Discover the Topaz
The Topaz: 3 questions about this gemstone
In Antiquity, called “gold stone”, it was used to attract this precious metal and facilitate its prospection. In Europe, in 1348, it would also have healed the plague victims, because the Pope Clement VI who had visited them wore a ring set with a topaz. Widely used in jewelry, it is a perfect match for gold or silver. As a pendant, ring or earrings, topaz, like diamonds, sapphire or emerald, is a precious stone much appreciated by lovers of fine jewelry. Moreover, the greatest jewelry designers such as Van Cleef & Arpels or Tiffany & Co. for example, have often put it in the spotlight in their original creations.
What is the Topaz?
The origins of topaz
The first known evocations of topaz appear in ancient times. Described by the Belgian mineralogist Anselmus Boëtius de Boodt in 1609, the origin of its name is attributed to the Greek island Zabargad, formerly called Topazos. It is said that this island was infested with snakes that jealously guarded the topaz. The gem is said to have had the power to illuminate this island with a fairy-tale light in the heart of night and darkness.
The origin of its name remains uncertain, however, and some mineralogists attribute its etymology to the Sanskrit word “tapas” or “tupas” meaning “fire”. In ancient times, all yellow or golden brown stones were commonly called topaz: citrine and smoky topaz are actually quartz; oriental topaz is a yellow sapphire; the topaz of Palmyra and Salamanca, heated amethysts; royal topaz, an orange corundum.
A gemstone with multiple colors
Topaz is a gem of the mineralogical family of silicates and the subcategory of nesosilicates. More precisely, it is an aluminum nesosilicate that may also contain traces of iron, chromium, magnesium and titanium. Listed as a fine stone, it is a crystal often used in jewelry.
Being able to be of different colors, it is said to be an allochromatic gem. In addition, because of its physical and chemical properties, Topaz can present a different color depending on the angle of observation. In general, its best known color is blue, but it is actually the result of treatment by natural irradiation or by human hand. Indeed, when heated, topaz can turn from a pale yellow to a darker pinkish hue. The famous blue is obtained by a process of irradiation.
Its most appreciated color remains the orange color with pink tones: it is the color of the famous and very coveted “Imperial Topaz”. This color was discovered for the first time in Russia in the nineteenth century, however it is much more present in Brazil in the region of Ouro Preto.
Where is Topaz found?
Topaz can be found all over the world, but it is not always gem quality. In the 18th century, the main deposit of topaz was found in Germany, in the Schneckenstein mine, a site that had long since been exhausted.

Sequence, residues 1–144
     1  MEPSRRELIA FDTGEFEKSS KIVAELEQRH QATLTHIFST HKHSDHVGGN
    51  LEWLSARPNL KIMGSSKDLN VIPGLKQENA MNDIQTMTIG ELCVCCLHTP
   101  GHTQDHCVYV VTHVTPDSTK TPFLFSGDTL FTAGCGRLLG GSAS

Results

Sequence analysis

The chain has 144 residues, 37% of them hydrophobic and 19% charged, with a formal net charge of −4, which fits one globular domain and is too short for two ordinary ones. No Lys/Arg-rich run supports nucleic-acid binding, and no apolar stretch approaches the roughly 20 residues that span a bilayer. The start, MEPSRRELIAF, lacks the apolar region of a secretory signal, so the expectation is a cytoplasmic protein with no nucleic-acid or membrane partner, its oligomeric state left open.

In Brazil, deposits have been particularly prolific since the 17th century. The most famous topaz, called “Braganza”, was found in 1640 in the region of Ouro Preto. Weighing 1,680 carats, it was mounted on the crown of Portugal, and was long confused with a diamond because it was colorless. The da Capao mine produced a 50 cm long crystal which earned it the nickname: “The Monster”. The Museum of Natural History in New York holds a well-formed crystal weighing 300 kilos, measuring 80 x 60 x 60 cm, also from Brazil. Today, Topaz is found in France, the USA, Brazil, but also in Zimbabwe, Western Australia, Norway and the Baikal region of Siberia.
And as always, the Smithsonian Institution has the largest cut gems, all from Brazil: the largest, yellow, weighs 7,725 carats; a blue one of 3,273 carats; a greenish yellow one of 1,469 carats.
Does the topaz have any particular virtues?
The energy properties of topaz vary according to the color of the gemstone.
Often compared to aquamarine, the shades of blue topaz vary from very light blue (its natural state) to much denser, even darker blues when transformed by man.
Historically, gemstones have carried many stories and legends. Endowed with more or less real powers, they have always nourished imaginations and fantasies, accompanied by miracles and incredible stories. Blue topaz is not to be outdone. For the Romans and the Greeks, it brought strength and could even make you invisible. In the Middle Ages, blue topaz was used to improve the vision.
Here are the main virtues and benefits attributed to blue topaz:
- inspiration and clarity of mind in the intellectual and artistic field
- inclination to be faithful, honest and good to others
- Voice and throat protection: it is recommended to place the stone at throat level 20 minutes before singing or giving a speech.
- Fights against depression, anxiety, stress and helps with self-confidence.
- Relieves migraines
- Stimulation of the blood circulation system
Highly sought after, its price varies according to its color and rarity. Its colors range from gold to purple, through pink, peach, bright red. The rarest are “cherry red” (Sherry) and violets; yellows are the most common.
To the Egyptians, imperial topaz represented the sun god Ra. It was a symbol of power. It was also used to fight poisons (it would change color on contact with poisonous food) and to restore vitality. Thanks to its metallic and golden reflections, it was attributed with the ability to attract gold. The Tsars of Russia were particularly fond of it, hence the term “imperial”.
Its flamboyant colors are at the origin of its many virtues among which :
- Courage, passion, enthusiasm and willpower.
- Dynamism and creativity
- The fight against depression and mental disorders
- Assistance in spiritual quest and self-knowledge
Finally, imperial topaz is the gemstone associated with the December natives and is traditionally offered on the 23rd wedding anniversary.